This site is intended as a guided tour of some of my projects/GitHub repos, while at the same time serving as an excuse to become more familiar with Jekyll, and hopefully, as a further byproduct, result in a template site that can be used for other projects’ gh-pages. Read More…



pw-dos is a silly Pebble watchface that I created as an exercise with the premise of brushing up on the 3.0 SDK; somehow it accidentally gained over 1,000 users in the few months since it reared its preposterous head, so development has continued by popular demand, and has already spawned several variants!


flipflop is an attempt at realizing fellow HackDad (in exile?) @juliendarrah’s dream of home automation (especially in the area of pool maintenance), currently targeting the ESP8266 and Kinetis K10.


Pro Pebble Development is an attempt at chronicling my ongoing adventures with the Pebble SDK 3.0 and related technologies. My goal is to apply “professional” software development practices to what started out as “hobby” code, and share techniques, resources, and challenges along the way. It’s also another opportunity to play with Jekyll and GitHub Pages!

The Rest…

More of my projects and others’ that I’ve borrowed and/or contributed to can of course be found in the usual location - will do my best to highlight them here or in upcoming blog posts soon… ! :bowtie:

Nov 29, 2015

PW-DOS Keyboard Smartstrap

When Pebble announced the new Pebble Time smartstrap functionality during their Kickstarter campaign, I remember being intrigued by the possibility of hardware add-ons, but it seemed like something distant at the time. When the Hardware specification was published, however, I realized that this was something that could be hacked on, rather than just a protocol for big 3rd party manufacturers to leverage. I started spending all of my available time hacking on smartstraps - even before the firmware to support them was released, and modified the initially Teensy-focused serial library to work on the Arduinos I had at hand, eventually resulting in a working smartstrap once the firmware was released! Next up was the charging cable hack once it became clear that the 3d-printed connector, which lacked magnets, was not even close to being stable enough to maintain a connection. And then I had the chance (of a life time!) to participate in Pebble’s smartstrap hackathon, Pebble Rocks Boulder!

Hot off of a win with our Team Hack Dads Pebble Altimeter Smartstrap, I became consumed with enthusiasm for the platform. Inspired by Matt Hungerford’s demonstration of the Pebble Time’s frame buffer being transmitted to an external display, I set out to do similar using the Gameduino 2 that I already had, but got distracted by the Gameduino’s touchscreen and widget capabilities and decided it would be more fun to use it as an input, the most exciting (and ridiculous!) form of which that occurred to me at the time being a keyboard input for the Pebble Time!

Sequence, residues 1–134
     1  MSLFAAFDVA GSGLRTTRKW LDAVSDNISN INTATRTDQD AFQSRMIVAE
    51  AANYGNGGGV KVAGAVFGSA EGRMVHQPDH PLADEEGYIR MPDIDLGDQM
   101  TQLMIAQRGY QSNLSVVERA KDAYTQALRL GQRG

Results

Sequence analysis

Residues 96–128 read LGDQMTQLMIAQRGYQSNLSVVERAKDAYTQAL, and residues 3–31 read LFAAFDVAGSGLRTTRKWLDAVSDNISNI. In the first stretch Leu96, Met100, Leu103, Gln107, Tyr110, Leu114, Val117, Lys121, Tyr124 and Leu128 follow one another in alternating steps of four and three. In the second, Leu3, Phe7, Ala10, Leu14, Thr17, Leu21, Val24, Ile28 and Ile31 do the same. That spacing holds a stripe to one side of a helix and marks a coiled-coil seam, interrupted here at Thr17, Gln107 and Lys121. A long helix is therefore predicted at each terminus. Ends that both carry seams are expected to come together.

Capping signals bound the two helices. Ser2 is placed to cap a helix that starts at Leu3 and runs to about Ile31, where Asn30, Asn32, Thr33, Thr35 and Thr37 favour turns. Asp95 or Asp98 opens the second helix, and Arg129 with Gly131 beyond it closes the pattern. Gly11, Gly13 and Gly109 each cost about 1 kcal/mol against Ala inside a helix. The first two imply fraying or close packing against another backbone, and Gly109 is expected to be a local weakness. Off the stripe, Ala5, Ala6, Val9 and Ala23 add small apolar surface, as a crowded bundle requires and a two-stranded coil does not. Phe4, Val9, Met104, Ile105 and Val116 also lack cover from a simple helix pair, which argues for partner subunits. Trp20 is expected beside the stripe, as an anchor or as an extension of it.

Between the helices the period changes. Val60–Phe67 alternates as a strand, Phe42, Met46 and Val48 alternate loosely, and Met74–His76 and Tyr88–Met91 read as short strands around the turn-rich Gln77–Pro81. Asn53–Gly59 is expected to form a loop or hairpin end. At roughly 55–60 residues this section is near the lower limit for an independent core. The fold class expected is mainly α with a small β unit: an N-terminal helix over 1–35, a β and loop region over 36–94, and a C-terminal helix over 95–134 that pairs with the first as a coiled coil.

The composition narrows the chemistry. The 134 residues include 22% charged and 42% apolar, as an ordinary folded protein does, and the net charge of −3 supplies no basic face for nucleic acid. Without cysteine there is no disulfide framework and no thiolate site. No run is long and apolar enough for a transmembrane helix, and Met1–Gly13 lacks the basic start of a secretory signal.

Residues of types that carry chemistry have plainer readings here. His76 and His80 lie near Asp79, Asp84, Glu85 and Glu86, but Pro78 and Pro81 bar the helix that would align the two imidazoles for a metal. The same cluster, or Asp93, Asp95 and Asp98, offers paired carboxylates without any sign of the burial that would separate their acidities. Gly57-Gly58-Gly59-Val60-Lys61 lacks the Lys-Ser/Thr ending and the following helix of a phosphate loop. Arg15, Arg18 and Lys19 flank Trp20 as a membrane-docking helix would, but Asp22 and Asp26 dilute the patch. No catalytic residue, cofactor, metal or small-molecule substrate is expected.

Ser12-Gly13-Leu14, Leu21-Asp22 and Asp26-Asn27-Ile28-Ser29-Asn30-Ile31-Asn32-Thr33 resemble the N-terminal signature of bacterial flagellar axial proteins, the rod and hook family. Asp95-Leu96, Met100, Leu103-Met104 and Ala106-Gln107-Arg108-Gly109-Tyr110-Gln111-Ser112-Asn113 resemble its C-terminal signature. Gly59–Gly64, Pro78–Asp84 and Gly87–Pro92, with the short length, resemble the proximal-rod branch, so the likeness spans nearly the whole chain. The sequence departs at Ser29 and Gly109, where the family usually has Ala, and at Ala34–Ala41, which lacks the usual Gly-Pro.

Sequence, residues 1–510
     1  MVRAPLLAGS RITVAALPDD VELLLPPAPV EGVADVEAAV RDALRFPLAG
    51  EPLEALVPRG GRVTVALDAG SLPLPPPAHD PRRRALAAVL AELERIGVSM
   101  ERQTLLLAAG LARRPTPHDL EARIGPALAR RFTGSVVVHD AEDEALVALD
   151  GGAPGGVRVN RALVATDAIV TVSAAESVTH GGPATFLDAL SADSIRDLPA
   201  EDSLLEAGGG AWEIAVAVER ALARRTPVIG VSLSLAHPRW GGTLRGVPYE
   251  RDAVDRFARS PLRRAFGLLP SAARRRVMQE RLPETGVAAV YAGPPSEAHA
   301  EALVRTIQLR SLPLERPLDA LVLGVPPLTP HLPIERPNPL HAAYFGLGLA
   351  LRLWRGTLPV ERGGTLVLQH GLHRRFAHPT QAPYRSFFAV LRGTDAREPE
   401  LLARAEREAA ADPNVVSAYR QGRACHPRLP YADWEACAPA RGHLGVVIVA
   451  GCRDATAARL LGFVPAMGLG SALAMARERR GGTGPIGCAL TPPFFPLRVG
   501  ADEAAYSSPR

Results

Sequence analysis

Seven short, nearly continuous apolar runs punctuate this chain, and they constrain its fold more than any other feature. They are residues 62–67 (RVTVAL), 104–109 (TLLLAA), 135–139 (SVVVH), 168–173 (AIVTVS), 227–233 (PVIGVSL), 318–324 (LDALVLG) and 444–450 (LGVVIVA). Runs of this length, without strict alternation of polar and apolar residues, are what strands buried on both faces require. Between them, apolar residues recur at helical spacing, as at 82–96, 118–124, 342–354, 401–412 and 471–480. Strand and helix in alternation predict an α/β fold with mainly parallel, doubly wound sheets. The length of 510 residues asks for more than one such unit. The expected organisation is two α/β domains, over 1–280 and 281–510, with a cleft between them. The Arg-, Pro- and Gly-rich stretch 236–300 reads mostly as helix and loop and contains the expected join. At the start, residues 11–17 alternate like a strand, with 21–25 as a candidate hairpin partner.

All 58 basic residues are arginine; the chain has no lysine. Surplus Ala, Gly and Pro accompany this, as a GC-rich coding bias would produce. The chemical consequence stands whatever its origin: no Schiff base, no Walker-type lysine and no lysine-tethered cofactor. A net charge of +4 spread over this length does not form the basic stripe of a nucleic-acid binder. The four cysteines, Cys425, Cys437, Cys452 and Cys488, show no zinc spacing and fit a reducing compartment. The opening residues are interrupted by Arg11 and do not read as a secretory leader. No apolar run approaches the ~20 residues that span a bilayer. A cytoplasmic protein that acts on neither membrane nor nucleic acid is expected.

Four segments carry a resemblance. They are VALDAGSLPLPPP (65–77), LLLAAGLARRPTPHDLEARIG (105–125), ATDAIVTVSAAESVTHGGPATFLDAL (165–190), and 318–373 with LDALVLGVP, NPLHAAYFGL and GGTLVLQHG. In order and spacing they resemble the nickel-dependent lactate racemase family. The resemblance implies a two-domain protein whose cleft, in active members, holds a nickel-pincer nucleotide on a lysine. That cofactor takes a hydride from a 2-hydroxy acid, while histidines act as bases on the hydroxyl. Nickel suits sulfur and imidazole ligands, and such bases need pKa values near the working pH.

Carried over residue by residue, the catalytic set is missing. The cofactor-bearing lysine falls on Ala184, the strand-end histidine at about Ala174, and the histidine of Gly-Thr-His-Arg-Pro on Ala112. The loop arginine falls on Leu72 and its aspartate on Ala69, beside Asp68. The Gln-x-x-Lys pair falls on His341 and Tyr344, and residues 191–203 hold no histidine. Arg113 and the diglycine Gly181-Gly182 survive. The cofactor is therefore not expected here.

By far the biggest issue encountered during development so far was difficultly successfully transmitting a 32-bit epoch time value from the Pebble Time to the Arduino (the latter lacks an RTC so leveraging the Pebble to help the Arduino tell time seemed like a fun exercise at the time!) since despite both systems being confirmed little-endian, the 32-bit integer was behaving as though its most significant 16 bits had been lopped off on arrival. Unpacking the byte array by hand and combining (after appropriately shifting) the results provided a fix for now, though I plan to explore assurances from the Pebble team that just casting (i.e. *(uint32_t *)buffer) should work just as well (keep an eye on my Pro Pebble Development blog for a more detailed analysis?).

The result of my experiments with adding an external touchscreen to the Pebble Time are encapsulated in the video demonstration below, where a hacked watchapp version of my PW-DOS Command Line Watchface for Pebble receives keyboard input and emulates the DOS DIR command. Source for each is available, but in desperate need of clean-up - being presently hacked however was required to allow the below video demonstration to be achieved - but will be refining and expanding as time allows!

Shout out to the Engineerable team whose TimeDock is the only elegant part of the video! :D

Aug 2, 2015

AutoLOL Automotive Message System

In 2002, I had a thought: wouldn’t it be great if you could convey messages to other drivers with greater precision than the established turn signal and gesture-based conventions? This was the era of texting on dumbphones, before emoji or social media apps or any of the other ways that we can now more expressively convey our feelings than with raw text. Thus, I had the idea for a simple system (whose road legality I have yet to investigate) whereby emoticons could easily be displayed to other drivers to convey apology, thankfulness, or…whatever the situation required. Back then I had absolutely no hardware skills, having focused my schooling and professional career on bits rather than atoms - so it’s incredibly validating to be able to knock out a quick PoC in a few hours today, using materials on hand and a few lines of code, instead of such ideas remaining dreams… :D

I combined @jprodgers’s LoL Shield with the inexpensive and hackable (e.g. ability to opt out of the pin 13 LED in order to prevent ghosting) Evil Mad Scientist Diavolino and strapped a 4xAAA (NiMH, in order to avoid additional voltage regulation) battery holder to the back, resulting in a self-contained, portable solution that can easily be attached to my car’s rear wind deflector for a few days of visibility testing (the bright white LEDs are easily visible from a distance, even in direct sunlight)… :)

AutoLOL v0.1


This site is focused on my GitHub activity. For other topics, visit, or find me elsewhere online at the links below. :bowtie: